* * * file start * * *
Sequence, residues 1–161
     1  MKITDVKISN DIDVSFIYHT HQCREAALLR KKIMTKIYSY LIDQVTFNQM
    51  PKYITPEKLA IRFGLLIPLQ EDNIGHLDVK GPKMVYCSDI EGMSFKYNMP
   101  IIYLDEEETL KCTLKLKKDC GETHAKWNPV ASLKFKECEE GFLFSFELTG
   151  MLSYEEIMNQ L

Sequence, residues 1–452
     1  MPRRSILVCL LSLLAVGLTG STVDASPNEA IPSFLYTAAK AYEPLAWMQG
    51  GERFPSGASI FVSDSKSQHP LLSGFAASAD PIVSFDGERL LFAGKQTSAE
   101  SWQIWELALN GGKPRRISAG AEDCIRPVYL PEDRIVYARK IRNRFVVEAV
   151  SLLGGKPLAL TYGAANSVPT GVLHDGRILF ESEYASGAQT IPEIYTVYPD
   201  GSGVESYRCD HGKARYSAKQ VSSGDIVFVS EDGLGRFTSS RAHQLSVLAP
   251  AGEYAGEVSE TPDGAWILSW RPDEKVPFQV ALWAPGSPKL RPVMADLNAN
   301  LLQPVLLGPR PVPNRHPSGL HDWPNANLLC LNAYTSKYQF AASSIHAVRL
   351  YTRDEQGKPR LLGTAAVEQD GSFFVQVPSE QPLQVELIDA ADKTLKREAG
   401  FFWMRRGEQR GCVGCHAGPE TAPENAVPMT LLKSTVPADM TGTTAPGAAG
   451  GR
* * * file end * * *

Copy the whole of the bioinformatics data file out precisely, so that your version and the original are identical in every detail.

Sequence, residues 1–161
     1  MKITDVKISN DIDVSFIYHT HQCREAALLR KKIMTKIYSY LIDQVTFNQM
    51  PKYITPEKLA IRFGLLIPLQ EDNIGHLDVK GPKMVYCSDI EGMSFKYNMP
   101  IIYLDEEETL KCTLKLKKDC GETHAKWNPV ASLKFKECEE GFLFSFELTG
   151  MLSYEEIMNQ L

Sequence, residues 1–452
     1  MPRRSILVCL LSLLAVGLTG STVDASPNEA IPSFLYTAAK AYEPLAWMQG
    51  GERFPSGASI FVSDSKSQHP LLSGFAASAD PIVSFDGERL LFAGKQTSAE
   101  SWQIWELALN GGKPRRISAG AEDCIRPVYL PEDRIVYARK IRNRFVVEAV
   151  SLLGGKPLAL TYGAANSVPT GVLHDGRILF ESEYASGAQT IPEIYTVYPD
   201  GSGVESYRCD HGKARYSAKQ VSSGDIVFVS EDGLGRFTSS RAHQLSVLAP
   251  AGEYAGEVSE TPDGAWILSW RPDEKVPFQV ALWAPGSPKL RPVMADLNAN
   301  LLQPVLLGPR PVPNRHPSGL HDWPNANLLC LNAYTSKYQF AASSIHAVRL
   351  YTRDEQGKPR LLGTAAVEQD GSFFVQVPSE QPLQVELIDA ADKTLKREAG
   401  FFWMRRGEQR GCVGCHAGPE TAPENAVPMT LLKSTVPADM TGTTAPGAAG
   451  GR